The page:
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Pilgrim, priest and ponderer. European living in North East England. Retired parish priest, theological educator, cathedral precentor and dean.

Wednesday 10 June 2015

'Dear Deans': a response from the north

A grenade has been lobbed into the playground of the Deans. Richard Moy of Christ Church W4 has written a blog entitled Dear Deans.* He has visited a handful of cathedrals for midweek services, a 'nearly deserted' Durham among them. And he is left with a question: Do we have any interest in the conversion of England – or even the survival of faith within the CofE?

His complaint comes down to this. In the CofE cathedrals he visited, there was no homily at any of the services, and no attempt to present the Christian faith or interpret the scriptures. He writes: St Paul’s had all the atmosphere of being a hen in a petting zoo as tourists at the north, south, west and east ends of the sanctuary surrounding the hapless worship pets (literally) like children on a field trip; and the lectionary readings at Durham/Canterbury were so objectionable without context or explanation that a casual inquirer / chance visitor/faith seeker would most likely be provoked to run away (screaming).

He goes on: The Church of England should not indefinitely spend the millions it does each year (£9.1million in 2013 on stipends / staffing) propping up Cathedral ministry partly on the basis of it’s (sic) alleged attendance statistics if no serious attempt is made to communicate the Christian faith when people attend public worship. The apostle said ‘woe to me if I do not preach the gospel.’ Woe indeed. If the Deans really can’t find a preacher for a five minute gospel homily I’ll happily send one of our highly talented interns...

We deans mustn't get defensive. It's important to expose ourselves to criticism, look at what we do and how we do it, and learn from colleagues in Christian ministry. Here in Durham we often ask ourselves if we are doing all we can to help 700,000 visitors not only enjoy and be inspired by what they experience in this cathedral, but also to understand what it stands for. Believe me, we are well aware of the evangelistic privileges and challenges that we have here.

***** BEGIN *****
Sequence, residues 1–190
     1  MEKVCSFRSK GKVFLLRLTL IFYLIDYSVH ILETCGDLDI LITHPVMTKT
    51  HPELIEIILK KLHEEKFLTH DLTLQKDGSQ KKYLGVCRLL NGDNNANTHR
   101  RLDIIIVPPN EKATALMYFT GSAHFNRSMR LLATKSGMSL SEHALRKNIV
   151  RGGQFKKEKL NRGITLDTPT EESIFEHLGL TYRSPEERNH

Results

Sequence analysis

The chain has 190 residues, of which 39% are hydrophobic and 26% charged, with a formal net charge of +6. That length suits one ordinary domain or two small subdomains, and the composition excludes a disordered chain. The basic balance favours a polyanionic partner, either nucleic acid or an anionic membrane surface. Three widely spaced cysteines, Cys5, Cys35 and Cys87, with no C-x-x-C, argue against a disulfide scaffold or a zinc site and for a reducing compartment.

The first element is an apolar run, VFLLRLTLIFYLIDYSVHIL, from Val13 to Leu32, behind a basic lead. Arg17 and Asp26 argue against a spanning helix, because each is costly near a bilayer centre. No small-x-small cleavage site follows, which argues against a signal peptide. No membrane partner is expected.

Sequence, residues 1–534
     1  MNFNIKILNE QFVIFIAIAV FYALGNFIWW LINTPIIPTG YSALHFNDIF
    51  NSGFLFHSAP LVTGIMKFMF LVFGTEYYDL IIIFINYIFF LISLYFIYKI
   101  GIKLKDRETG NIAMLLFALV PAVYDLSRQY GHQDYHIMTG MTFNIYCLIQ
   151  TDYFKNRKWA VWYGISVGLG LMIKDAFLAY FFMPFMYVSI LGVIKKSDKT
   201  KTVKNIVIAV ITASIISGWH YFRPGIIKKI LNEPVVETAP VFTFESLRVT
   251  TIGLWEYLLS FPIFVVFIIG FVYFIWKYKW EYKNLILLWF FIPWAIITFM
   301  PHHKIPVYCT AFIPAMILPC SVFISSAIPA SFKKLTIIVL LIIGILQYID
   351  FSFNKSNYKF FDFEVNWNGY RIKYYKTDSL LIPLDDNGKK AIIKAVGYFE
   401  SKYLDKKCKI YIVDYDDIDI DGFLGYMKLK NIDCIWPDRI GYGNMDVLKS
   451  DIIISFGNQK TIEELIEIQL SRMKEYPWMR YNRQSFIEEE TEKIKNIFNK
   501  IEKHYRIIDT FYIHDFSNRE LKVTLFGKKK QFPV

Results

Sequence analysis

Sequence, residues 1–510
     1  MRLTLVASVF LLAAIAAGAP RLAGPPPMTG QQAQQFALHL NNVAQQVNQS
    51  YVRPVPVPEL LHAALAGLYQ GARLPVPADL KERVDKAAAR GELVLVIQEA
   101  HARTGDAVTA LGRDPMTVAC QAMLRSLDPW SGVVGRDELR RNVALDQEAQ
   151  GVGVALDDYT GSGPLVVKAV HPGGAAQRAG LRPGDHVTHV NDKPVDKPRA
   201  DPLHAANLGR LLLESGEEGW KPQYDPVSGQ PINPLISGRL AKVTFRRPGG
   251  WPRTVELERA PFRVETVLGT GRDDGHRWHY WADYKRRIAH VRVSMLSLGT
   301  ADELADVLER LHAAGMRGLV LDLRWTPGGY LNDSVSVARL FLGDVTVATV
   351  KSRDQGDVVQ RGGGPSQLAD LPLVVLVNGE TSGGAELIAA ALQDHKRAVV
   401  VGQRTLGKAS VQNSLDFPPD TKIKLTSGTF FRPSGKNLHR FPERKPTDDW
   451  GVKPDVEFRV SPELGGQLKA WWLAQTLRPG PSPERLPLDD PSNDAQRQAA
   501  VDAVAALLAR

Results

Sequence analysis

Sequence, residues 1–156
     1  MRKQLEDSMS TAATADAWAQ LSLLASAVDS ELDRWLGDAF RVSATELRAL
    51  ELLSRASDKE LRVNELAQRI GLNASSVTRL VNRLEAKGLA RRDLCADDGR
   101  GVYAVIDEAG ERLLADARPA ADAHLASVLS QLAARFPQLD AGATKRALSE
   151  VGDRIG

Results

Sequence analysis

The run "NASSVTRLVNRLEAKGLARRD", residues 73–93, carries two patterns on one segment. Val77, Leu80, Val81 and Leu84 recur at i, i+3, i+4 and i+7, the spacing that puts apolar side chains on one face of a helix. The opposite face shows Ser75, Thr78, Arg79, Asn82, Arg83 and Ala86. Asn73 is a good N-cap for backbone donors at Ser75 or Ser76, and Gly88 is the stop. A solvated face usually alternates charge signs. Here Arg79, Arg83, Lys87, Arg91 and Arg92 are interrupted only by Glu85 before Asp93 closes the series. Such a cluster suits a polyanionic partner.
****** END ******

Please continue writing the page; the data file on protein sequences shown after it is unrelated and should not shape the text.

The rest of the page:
A couple of deans have offered measured comments on Richard's blogsite, and Pete Willcox the Dean of Liverpool has written an excellent, comprehensive response in a blog of his own.** In it, he invites Richard to experience for himself the extraordinary diversity of activity in that great cathedral including worship, prayer and pilgrimage, outreach, social care, the arts, Christian common life and a whole lot else.

I want to ask a few questions of my own. (And they are questions that I hope will help the conversation along.)

1. Is Richard's concept of how God speaks to human beings unduly selective and narrow? Doesn't God make himself known in an infinite variety of ways, not simply through the spoken word. Cathedrals are numinous sacred spaces that speak of the divine not only through their buildings but also in the life and activity of their communities: daily prayer and worship, music and the arts, a common life of love and service, all of which play a part in building up the people of God and communicating faith. I am not undervaluing the role of preaching - far from it. But the gospel is lived out and testified to in a thousand different ways in churches and cathedrals everywhere. Look in our visitors' books to see how people are given glimpses of God and hear the Living Word speaking to them in unexpected ways that we can't and mustn't control. An incarnate God has freedoms that always transcend the limits our fallen nature wants to put on him. He speaks in many ways.